Robert Kahn, NBC New York: It's cliche to say it, but Taylor becomes Ann Richards, mostly thanks to her witty script, and with a nice assist from costume designer Julie Weiss, who's clothed her in a white, all-business jacket and skirt, with a sparkling Lone Star brooch. The transformation is all the more remarkable for the fact that Taylor only once met Richards, when they were briefly introduced at New York's Le Cirque in 2004 by the columnist Liz Smith.
Dany Groner, Huffington Post: The best parts of the show come at the beginning and the end when Taylor is back at the front of the stage, comfortable at the podium, making eyes with the crowd. That's where Richards became most prominent and established herself as a political force. Sure, she needed time to campaign behind the scenes to get voters behind her. But that's the part of politics that's left unseen. We prefer to see our politicians in the spotlight. Otherwise, they look just like the rest of us.
David Rooney, Hollywood Reporter: Taylor's intention is admirable in shining a spotlight on a woman driven by a heroic passion for public service. But the longer the show runs on, the more its lack of shading becomes apparent. She peppers the dialogue with pandering audience nods to racial and gender equality and gun laws. But she glosses over the potentially juicy stuff such as the dirty politics that tried to keep Richards out of office the first time and succeeded when she ran for a second term. It also might have been interesting to include a wry acknowledgment that Richards' failed re-election bid gave her the dubious distinction of opening the door to the political career of George W. Bush.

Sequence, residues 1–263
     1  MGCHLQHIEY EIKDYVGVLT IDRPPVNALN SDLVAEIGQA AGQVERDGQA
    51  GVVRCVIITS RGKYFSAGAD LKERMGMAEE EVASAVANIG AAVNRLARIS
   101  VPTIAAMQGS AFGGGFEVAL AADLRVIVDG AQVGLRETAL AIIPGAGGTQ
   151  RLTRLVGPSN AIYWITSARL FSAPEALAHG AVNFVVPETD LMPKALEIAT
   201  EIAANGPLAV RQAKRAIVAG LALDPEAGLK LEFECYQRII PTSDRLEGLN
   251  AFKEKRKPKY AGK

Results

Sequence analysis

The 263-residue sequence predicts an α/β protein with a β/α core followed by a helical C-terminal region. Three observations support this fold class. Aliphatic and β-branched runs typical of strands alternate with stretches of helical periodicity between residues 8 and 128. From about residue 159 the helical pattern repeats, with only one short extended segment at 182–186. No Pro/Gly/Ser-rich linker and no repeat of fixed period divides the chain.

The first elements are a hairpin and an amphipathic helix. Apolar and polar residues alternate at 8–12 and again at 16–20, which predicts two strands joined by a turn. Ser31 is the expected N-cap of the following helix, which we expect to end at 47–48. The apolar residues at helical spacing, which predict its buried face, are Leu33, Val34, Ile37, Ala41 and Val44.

Roma Torre, NY1: One might easily think that a solo show would be swallowed up on Lincoln Center Theatre's largest stage, but given Richards' dynamism and Taylor's outsize talents, the ladies had no problem filling the space.
Elysa Gardner, USA Today: Richards is treated, in other words, much like a sitcom character. Her notable achievements are alluded to -- revitalizing the local economy, reforming the prison system, championing civil and reproductive rights -- but in ways that are both simplistic and pedantic. There's also something slightly patronizing about all the "y'all"s and "yegods" with which Taylor -- a Yankee, as she admits in her author's notes -- litters her speech.